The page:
Edward C. Dolan represents lenders, lessors, equity holders, vendors, unsecured creditors, asset purchasers, and debtors in all aspects of workouts, insolvency proceedings, and asset dispositions. Ed is a member of the board of directors and a past President of the Bankruptcy Bar Association for the District of Maryland, and is a member and past President of the Walter Chandler Bankruptcy Inn of Court. Ed has also served as Chair of the D.C. Bar's Bankruptcy Committee, the Standing Committee on local rules of the U.S. States Bankruptcy Court for the District of Maryland, the Montgomery County and Prince George's County Bar Associations' Bankruptcy Sections, as a member of the Board of Governors of the Maryland Chapter of the Federal Bar Association, and as a member of the U.S. Department of State's Study Group on Cross-Border Insolvencies.
Ed has written and spoken on commercial workouts, bankruptcy financing, use of cash collateral, lien perfection and enforcement, creditors' rights, intellectual property rights in bankruptcy, distressed real estate, environmental liability, and lender liability.
Craig Umbaugh focuses his practice in the areas of governmental and legislative law, finance, sports and sports facilities law, and banking and commercial transactions. Craig works with public entities and private clients advising them on issues such as urban redevelopment, negotiation of governmental agreements, elections, financing, construction, design, operation of stadiums and public venues, and the acquisition or relocation of teams. Craig serves as general counsel to the Denver Urban Renewal Authority, the Metropolitan Football Stadium District, the Denver Metropolitan Major League Baseball Stadium District, and The Colorado Bankers Association. He has extensive experience in drafting legislation and counseling clients with respect to state legislative issues. He has advised various clients on election matters, including the conduct of elections, campaign finance reporting, ballot titles, and initiatives and referenda.
In addition to the Football District and the Baseball District, Craig's involvement with sports and sports facilities includes Chicago Fire, Chivas USA, Colorado Avalanche, Colorado Rapids, Connecticut Sun, Denver Nuggets, Pepsi Center, Hennepin County (Minnesota Twins Ballpark), Minnesota Wild, Phoenix Coyotes, Seattle Seahawks, Seattle Sounders, Tampa Bay Lightning, and the Denver Grand Prix.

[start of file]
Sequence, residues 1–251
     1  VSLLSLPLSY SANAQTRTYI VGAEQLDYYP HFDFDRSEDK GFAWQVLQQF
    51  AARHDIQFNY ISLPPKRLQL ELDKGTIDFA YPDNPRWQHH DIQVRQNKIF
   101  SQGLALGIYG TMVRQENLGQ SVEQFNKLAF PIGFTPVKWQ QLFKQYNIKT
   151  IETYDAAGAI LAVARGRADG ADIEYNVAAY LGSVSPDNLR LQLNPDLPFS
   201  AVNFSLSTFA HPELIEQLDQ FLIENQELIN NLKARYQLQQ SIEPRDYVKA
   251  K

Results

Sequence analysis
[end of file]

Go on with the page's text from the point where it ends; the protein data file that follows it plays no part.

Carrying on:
Consulting with Umbaugh might stem from Bach's interest in getting rid of the city's coal-fired Drake Power Plant, which sits in a prime downtown location for a sports venue. It's also near the southwest urban renewal area where Bach's developer friends have for years imagined a sports stadium anchoring retail, office and residential development. Bach has said that he wants the Sky Sox to relocate there, although the Triple-A ball club has said it's not interested because its Stetson Hills facility is paid for.
Regardless, the question arises: How does Cook's outfit gain such a hold over Bach? Of course, we can't say for sure, but campaign finance reports show Hogan Lovells was a player during the campaign: Cook contributed $900 to Bach's campaign before the May runoff, as did a Hogan Lovells associate. Hogan Lovells contributed $3,495 on April 19, 2011, to Bach's campaign for in-kind "legal advice re: corporate campaign contribution investigation." Total: $5,295.
Hogan Lovells also was on the receiving end. The firm received payment from the Bach campaign of:
• $6,922 on June 1, 2011, for "legal fees/campaign finance"
• $7,188 on July 15, 2011, for "legal fees/campaign finance," and
• $1,000 on Sept. 26, 2011, for "legal fees/campaign finance."
In addition, Bach reported paying legal fees to an unnamed company of $5,501 on April 19, 2011, for "legal advice re: corporate campaign contribution investigation."
For his part, Melcher says he watches the billings like a hawk, and tracks how much time outside counsel is spending.
Here's a sample of redacted billing from Hogan Lovells: